A household with teenagers unlocks a whole next level of parenting. Fortunately, I have two pretty good kids who strike a good balance between keeping me on my toes and allowing me to enjoy who they are becoming.
However, teaching a teenager to drive changes everything. I was blindsided with this challenge. After experiencing a six-hour wait at the Department of Motor Vehicles (DMV) for a learner’s permit for my daughter, I knew there was no turning back.
As my daughter pulled the car out of the DMV lot and approached a four-way stop, she slowed down and looked both ways but performed what I call a Hollywood stop. The wheels were still turning; she did not come to a complete stop! I challenged her decision. She replied that, since nobody else was at the intersection, a full stop didn’t seem necessary. To a teenager, the clear, obvious stop was unnecessary. But for a mom, with years of driving experience, a full stop adds an element of safety that may not be explicit in a driver’s handbook. (Deep breath.) This is why teens have learners’ permits — they’re still learning.
That experience, combined with AACN’s theme, “Unstoppable,” got me thinking: We can’t always be unstoppable. In nursing, when must we stop? Sometimes there are clear distinctions when we must stop, to prevent harm to a patient, ourselves or colleagues. But, there are also scenarios when we must stop, although it is not laid out precisely in a policy, guideline or best-practice example. It is not always as clear as a large red stop sign.
One example is the pre-procedural pause. How often do we pull a Hollywood stop, even though the sole intent of that stop is ensuring patient safety? What about the many workarounds that we perform in acute care? There is wisdom in knowing when to pause or stop, and not just plow ahead to try to fix what is broken.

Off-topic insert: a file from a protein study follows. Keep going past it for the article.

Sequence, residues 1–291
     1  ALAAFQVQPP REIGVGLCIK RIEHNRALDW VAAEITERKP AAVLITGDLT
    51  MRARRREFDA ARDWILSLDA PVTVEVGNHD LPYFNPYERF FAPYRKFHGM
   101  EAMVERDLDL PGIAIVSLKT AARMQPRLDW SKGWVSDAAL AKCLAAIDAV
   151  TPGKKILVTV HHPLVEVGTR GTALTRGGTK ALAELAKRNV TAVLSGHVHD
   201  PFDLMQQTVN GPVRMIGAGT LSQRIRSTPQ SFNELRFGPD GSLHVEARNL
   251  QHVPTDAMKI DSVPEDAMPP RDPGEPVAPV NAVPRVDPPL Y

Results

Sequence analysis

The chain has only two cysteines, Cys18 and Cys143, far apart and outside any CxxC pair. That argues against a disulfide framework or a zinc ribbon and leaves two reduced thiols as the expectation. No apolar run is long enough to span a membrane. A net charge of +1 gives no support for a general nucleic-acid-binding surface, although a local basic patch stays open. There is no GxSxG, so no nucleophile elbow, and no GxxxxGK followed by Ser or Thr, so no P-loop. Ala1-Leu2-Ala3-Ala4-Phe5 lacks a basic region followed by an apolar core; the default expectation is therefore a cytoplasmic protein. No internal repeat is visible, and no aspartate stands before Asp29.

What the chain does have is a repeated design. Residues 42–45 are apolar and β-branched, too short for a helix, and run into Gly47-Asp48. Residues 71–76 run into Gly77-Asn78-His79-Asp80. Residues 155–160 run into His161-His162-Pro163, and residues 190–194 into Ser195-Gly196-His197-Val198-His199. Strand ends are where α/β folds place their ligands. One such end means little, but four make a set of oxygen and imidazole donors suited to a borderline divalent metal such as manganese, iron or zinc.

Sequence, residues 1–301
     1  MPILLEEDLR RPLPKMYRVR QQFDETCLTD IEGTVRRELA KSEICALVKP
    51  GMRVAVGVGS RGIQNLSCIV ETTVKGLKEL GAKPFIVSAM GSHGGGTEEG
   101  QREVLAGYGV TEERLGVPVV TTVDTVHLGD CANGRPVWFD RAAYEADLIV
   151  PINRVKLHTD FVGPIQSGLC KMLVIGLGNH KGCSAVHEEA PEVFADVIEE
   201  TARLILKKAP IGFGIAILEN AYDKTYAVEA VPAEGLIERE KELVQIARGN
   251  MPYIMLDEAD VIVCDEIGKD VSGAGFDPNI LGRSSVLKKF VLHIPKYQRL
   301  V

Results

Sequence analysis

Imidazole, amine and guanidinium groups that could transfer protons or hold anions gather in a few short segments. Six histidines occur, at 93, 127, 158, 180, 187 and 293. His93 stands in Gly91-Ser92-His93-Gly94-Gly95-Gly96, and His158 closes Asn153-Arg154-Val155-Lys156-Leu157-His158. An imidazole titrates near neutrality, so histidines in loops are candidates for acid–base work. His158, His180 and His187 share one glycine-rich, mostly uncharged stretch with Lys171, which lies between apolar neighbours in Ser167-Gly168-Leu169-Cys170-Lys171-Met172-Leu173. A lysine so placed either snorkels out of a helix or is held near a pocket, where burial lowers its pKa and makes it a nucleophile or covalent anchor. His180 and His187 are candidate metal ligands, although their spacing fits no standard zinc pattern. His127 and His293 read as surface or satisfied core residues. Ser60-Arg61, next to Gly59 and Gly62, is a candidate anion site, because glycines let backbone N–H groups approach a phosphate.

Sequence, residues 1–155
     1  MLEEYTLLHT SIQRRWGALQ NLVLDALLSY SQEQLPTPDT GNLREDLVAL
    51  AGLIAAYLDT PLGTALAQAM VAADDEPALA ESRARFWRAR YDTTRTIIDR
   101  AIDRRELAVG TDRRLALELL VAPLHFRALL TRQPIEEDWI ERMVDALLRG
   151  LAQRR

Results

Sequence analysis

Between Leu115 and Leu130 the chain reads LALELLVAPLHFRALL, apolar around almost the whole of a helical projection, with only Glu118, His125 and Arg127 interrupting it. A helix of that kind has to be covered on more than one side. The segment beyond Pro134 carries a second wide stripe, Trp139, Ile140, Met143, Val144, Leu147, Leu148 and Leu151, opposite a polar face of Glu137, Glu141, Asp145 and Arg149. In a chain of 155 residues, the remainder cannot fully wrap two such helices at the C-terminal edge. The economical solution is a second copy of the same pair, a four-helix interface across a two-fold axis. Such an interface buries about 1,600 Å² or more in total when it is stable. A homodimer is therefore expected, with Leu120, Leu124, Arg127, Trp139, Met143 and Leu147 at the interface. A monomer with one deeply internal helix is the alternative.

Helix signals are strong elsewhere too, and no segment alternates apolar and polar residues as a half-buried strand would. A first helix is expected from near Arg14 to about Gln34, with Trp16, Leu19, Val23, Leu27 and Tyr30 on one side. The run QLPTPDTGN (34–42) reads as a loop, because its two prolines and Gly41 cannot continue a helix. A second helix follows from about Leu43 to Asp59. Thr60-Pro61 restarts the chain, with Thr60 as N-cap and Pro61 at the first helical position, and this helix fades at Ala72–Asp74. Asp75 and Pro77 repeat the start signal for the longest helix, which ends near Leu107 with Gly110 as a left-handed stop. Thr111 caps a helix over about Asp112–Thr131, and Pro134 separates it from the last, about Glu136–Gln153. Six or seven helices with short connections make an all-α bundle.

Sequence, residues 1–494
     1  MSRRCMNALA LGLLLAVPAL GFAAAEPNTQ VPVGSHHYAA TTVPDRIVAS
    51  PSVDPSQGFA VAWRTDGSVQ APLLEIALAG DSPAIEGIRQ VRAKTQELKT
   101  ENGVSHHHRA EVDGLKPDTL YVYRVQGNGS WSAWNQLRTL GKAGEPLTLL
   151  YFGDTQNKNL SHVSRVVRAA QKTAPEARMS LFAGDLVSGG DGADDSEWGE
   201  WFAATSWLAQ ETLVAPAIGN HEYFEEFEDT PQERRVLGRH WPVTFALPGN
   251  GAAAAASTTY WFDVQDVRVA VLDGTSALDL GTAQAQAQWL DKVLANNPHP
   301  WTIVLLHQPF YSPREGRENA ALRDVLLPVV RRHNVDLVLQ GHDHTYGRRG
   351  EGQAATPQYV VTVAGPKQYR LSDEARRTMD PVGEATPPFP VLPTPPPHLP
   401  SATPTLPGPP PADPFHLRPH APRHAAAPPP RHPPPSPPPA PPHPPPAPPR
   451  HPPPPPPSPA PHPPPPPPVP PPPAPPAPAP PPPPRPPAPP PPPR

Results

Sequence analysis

Sometimes, we may need a pause to clear our head; to say no to an extra shift so we can sleep and recharge; to speak up to stop a colleague from working eight shifts in a row and risking the safety of patients and nurses alike; to stop violence in our workplaces in whatever form it takes; to ask a family to pause and discuss their loved one’s prognosis, and help them understand that stopping care may be reasonable and humane; or, at the end of a patient’s life, taking time for a beautiful pause created by Jonathan Bartels at the University of Virginia, when the team pauses together for a moment to honor the life of a patient who has just died.
As hard as it is to slow down or stop in our hectic day-to-day lives, don’t we have an accountability to speak up when we see that being “stoppable” is sometimes the best approach? Those may be uncomfortable conversations, especially if something isn’t initially obvious. Do you remember a time when you stopped and the steps you took after? Tell me at Unstoppable@aacn.org.